This is a double-post from my SQLBlogcasts.com blog site here
Allow me to share with you the results of a survey I did about how people are using virtualisation with SQL Server. This is a three part series of articles sharing the results.
In December 2010 I did a 10 question survey to see how people were using virtualisation with SQL Server and if they were changing their deployment and management processes as a result. 21 people responded from at least Europe, the US and Asia Pac. It’s not a massive number but it was large enough to see some trends and some differences of opinion as we’ll see.
This survey followed on from some thoughts Brent Ozar’s (web|twitter) presentation at SQL Bits gave me about virtualisation needing to change behaviours. He also helped promote my survey so thank you Mr Ozar.
Those who answered had a variety of interactions with SQL Server although the majority were SQL Server DBAs who also interact with the operating system, server hardware and storage. The dev users weren’t missed out representing approximately 40% of the participants. Most interesting was that only 9 out of 21 had any involvement with the hypervisor, arguably the most important component in a virtualisation stack.
What are people using virtualisation for?
I asked where in the application lifecycle people were using virtualisation and the graph below shows the answers best.
Dev and test are obviously biggest areas, no doubt because of the ability to spin-up, spin-down, clone and snapshot makes virtualisation a good platform for these areas. A lower adoption rate in production environments opens up a topic I cover later on: do people trust virtualisation yet for production, or are there features needed which virtualisation can’t deliver? Not everyone has a build, staging or DR environment so I wouldn’t suggest lower figures here are saying bad things about virtualisation.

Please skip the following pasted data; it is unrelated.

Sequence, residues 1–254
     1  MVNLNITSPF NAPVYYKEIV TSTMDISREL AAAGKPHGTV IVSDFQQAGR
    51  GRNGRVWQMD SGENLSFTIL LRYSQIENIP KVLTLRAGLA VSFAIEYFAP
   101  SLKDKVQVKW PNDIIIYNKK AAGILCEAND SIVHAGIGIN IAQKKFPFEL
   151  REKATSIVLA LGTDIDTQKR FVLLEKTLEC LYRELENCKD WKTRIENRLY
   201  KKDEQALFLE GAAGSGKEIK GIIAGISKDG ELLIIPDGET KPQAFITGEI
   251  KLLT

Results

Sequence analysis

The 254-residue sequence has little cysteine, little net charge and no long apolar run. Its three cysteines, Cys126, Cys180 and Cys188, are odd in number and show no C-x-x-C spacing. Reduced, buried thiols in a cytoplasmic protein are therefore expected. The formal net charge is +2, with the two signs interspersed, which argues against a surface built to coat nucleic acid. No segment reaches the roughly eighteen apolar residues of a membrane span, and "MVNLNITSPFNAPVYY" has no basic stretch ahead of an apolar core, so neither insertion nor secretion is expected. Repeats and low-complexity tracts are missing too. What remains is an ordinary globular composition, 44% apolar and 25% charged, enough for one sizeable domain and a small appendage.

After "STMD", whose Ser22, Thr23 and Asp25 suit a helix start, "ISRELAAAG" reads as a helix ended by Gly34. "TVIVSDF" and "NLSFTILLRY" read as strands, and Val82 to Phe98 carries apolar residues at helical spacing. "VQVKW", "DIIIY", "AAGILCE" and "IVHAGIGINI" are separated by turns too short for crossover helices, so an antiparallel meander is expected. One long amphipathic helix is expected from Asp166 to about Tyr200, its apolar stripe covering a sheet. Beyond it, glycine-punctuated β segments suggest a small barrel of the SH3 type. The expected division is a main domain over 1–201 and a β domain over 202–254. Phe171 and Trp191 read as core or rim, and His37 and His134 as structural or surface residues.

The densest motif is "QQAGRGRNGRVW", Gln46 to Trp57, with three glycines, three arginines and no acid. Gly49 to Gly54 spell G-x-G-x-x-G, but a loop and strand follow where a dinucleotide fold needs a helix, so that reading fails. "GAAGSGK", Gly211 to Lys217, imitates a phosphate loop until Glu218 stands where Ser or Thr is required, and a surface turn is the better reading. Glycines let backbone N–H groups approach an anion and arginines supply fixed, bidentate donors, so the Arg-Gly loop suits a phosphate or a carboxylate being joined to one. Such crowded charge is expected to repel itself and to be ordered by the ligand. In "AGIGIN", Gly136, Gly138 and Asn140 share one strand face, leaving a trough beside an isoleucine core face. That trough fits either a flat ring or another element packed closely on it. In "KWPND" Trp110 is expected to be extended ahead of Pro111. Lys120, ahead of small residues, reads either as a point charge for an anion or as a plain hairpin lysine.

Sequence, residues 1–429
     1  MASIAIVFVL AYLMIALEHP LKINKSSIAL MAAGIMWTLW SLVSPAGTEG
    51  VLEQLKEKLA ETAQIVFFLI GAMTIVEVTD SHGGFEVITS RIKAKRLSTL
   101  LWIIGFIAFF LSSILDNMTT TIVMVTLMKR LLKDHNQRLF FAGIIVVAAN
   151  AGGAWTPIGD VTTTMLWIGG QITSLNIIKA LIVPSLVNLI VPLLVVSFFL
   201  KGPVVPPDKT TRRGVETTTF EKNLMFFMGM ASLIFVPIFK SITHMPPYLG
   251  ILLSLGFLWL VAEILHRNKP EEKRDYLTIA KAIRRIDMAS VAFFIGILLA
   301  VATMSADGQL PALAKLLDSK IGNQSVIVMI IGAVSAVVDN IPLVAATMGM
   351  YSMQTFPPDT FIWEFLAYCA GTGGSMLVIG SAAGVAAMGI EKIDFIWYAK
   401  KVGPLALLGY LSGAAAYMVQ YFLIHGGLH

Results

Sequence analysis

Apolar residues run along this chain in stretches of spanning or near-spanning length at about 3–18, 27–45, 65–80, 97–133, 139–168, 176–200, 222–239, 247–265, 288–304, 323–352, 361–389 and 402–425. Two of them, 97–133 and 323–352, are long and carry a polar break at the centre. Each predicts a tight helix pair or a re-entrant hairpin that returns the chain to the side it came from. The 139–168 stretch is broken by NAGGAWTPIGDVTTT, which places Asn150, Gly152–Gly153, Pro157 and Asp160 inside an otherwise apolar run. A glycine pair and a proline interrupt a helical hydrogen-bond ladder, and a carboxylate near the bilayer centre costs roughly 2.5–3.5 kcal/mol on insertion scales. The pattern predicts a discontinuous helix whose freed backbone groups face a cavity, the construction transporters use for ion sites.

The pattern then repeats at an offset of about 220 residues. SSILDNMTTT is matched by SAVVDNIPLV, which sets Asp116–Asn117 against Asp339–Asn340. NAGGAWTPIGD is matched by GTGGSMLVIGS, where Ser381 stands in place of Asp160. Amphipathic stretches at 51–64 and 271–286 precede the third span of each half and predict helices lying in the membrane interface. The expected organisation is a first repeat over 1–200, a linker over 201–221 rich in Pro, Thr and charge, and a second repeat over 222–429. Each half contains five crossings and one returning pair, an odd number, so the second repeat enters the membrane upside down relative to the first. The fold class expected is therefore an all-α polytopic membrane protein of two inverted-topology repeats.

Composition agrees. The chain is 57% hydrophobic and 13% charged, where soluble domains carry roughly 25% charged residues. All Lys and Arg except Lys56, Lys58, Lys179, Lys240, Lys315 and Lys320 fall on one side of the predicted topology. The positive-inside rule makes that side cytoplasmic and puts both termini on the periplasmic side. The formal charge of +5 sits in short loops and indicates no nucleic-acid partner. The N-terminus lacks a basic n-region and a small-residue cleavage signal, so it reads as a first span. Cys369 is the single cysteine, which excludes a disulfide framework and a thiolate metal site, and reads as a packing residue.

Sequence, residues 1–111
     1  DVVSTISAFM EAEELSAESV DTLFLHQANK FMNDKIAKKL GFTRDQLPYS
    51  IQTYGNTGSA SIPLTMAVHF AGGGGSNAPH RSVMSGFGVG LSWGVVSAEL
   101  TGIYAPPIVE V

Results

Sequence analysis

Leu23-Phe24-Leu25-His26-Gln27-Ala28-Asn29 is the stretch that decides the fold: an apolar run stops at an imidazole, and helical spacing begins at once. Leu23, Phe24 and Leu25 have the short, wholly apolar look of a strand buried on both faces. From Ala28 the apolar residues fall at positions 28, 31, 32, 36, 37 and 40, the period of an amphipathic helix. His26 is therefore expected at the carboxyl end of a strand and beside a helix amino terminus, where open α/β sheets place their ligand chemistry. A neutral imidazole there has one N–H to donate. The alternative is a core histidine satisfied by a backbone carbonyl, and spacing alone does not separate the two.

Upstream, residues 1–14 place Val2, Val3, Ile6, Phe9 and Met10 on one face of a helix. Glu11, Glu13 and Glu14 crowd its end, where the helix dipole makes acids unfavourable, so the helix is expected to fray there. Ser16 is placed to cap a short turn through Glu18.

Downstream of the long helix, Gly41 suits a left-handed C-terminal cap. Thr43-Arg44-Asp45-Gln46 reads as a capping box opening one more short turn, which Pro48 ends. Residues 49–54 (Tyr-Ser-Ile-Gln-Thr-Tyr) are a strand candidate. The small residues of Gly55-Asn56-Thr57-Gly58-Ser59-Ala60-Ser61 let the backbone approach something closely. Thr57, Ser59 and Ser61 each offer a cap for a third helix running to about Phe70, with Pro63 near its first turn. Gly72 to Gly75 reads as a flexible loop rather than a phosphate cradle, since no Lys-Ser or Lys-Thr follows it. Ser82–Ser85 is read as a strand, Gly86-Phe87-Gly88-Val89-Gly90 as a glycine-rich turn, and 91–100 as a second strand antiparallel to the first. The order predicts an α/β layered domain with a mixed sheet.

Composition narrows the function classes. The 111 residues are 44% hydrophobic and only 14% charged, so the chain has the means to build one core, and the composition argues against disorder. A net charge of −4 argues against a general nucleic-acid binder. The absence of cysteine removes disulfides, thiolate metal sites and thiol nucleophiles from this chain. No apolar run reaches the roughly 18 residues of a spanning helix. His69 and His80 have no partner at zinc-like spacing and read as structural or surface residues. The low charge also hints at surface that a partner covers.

Do people trust virtualisation used with SQL Server?
There’s a big perception still based upon nothing specific that virtualisation is still in its infancy and people generally don’t trust it. My survey couldn’t answer that question as it was for people who are already using virtualisation with SQL Server. However, what I did ask was how people who do use both together feel about it.
The pie chart below speaks for itself. Everyone is happy using virtualisation, they may not have had a choice even though they didn’t trust it, but what’s interesting is that a large share of people still don’t trust it for production environments.
What influence do people have on the hypervisor?
The results here were as I expected, the majority of people who answered had either full control over the hypervisor or could influence the sizing and configuration of their virtual servers. This is good as it means the sizing of servers still lies with the SQL Server teams, however do SQL Server teams know how to size their virtual servers is the next question?
Part two of this article is available here.